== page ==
On June 26, 2018, we hosted a webinar with top value-based insurance-design expert Dr. A. Mark Fendrick, Director, University of Michigan Center for Value-Based Insurance Design and a Professor of Internal Medicine in the School of Medicine and a Professor of Health Management and Policy in the School of Public Health at the University of Michigan Dr. Fendrick presented his findings of a recent study that examines how current IRS policy on high-deductible health plans (HDHPs) and health savings accounts (HSAs) impacts Americans living with chronic conditions.
Dr. Fendrick focused on the need to change the conversation from “how much” to “how well,” in regard to the move from volume-driven to value-based health care. He described how value-based insurance design sets consumer cost sharing on clinical benefit, not price.
Highlights from the webinar:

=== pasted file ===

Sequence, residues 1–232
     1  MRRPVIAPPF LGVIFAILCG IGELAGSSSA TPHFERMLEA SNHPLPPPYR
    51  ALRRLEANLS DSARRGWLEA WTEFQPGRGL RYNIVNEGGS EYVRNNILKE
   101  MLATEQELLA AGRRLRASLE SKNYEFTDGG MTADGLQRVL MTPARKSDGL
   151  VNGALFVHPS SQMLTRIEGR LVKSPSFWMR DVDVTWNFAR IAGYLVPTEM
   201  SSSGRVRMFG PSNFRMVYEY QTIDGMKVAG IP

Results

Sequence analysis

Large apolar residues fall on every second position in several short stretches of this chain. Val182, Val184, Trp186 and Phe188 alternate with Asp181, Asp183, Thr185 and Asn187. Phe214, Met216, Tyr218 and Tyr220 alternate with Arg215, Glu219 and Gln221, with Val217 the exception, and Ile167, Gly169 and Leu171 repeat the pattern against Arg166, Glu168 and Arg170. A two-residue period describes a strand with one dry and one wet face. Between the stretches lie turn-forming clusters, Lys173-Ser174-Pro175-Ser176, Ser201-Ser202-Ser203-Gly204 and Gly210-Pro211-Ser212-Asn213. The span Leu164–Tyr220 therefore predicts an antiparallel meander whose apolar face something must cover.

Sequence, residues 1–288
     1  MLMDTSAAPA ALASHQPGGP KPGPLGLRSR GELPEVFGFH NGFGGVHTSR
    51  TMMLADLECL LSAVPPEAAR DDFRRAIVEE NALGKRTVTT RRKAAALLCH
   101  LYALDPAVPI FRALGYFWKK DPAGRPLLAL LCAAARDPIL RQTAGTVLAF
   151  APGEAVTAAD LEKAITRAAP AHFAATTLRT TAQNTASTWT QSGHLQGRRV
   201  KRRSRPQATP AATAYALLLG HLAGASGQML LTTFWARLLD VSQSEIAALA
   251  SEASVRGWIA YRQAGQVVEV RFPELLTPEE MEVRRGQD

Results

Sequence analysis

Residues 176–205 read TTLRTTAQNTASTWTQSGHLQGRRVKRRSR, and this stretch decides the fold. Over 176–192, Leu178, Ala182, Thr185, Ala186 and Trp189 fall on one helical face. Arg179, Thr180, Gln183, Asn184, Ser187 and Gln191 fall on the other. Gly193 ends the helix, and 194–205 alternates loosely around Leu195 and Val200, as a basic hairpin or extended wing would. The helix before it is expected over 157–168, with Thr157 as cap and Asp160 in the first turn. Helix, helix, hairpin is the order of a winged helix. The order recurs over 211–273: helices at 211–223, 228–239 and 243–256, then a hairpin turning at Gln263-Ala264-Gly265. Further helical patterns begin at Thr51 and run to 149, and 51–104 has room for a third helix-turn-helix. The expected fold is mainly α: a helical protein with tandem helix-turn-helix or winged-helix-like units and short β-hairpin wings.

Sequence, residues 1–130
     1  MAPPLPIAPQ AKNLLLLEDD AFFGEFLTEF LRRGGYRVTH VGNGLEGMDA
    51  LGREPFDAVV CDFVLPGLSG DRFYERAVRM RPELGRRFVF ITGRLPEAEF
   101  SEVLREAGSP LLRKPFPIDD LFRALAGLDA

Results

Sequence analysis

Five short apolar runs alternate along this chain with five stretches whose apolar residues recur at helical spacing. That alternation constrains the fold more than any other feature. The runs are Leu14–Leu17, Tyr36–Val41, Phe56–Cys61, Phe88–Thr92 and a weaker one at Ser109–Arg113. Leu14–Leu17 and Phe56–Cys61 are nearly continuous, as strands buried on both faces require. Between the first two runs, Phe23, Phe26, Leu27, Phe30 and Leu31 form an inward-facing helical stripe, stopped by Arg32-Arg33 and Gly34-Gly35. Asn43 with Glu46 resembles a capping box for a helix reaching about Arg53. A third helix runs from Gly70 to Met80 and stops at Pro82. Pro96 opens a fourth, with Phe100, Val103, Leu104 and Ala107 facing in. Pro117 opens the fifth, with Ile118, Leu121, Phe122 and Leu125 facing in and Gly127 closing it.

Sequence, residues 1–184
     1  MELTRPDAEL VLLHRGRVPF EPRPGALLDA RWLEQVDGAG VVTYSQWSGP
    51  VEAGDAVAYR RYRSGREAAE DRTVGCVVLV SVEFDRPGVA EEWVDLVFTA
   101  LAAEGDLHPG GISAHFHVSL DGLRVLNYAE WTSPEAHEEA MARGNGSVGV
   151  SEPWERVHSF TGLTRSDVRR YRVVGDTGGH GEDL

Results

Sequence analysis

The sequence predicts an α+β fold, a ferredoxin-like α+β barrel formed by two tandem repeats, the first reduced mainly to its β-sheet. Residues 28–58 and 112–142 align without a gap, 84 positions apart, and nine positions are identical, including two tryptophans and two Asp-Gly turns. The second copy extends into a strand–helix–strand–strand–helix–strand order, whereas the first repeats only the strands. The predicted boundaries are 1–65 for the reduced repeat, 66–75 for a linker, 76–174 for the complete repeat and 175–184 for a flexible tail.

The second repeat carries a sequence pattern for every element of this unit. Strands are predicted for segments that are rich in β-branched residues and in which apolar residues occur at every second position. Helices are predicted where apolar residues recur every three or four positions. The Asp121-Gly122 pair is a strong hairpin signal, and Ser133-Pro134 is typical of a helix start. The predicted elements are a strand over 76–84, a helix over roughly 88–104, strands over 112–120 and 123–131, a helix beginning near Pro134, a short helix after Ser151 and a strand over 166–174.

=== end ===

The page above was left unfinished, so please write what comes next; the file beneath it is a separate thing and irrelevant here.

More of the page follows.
IRS rules prohibit coverage of chronic disease care until plan deductible is met. Dr. Fendrick said this is a problem because many can’t afford the care they need for chronic conditions. As high deductible health plan enrollees with chronic conditions are required to pay out-of-pocket for necessary services, they use less care, potentially resulting in poorer health outcomes and higher costs.
A regulatory or legislative change is needed to enable this potential solution of high value health plans, but if done as recommends, it would require an increase of less than 2% in premiums or an increase of less than $200 in general deductible. “The percentage of employers turning to high deductible health plans has more than doubled over the past decade,” said Dr. Fendrick. Additionally, nearly 30% of covered workers are enrolled in plans with high deductibles.
However, a significant number of households don’t have liquid assets to cover their plan deductible. So, “rising copayments worsen disparities and adversely affect health, particularly among economically vulnerable individuals and those with chronic conditions,” said Fendrick.
Under ACA, selected preventative services are provided without cost-sharing. Over 137 million Americans have received expanded coverage of preventive services, while there are over 76 million without cost-sharing. Fendrick explained that, “Americans do not care about health care costs; they care about what it costs them.”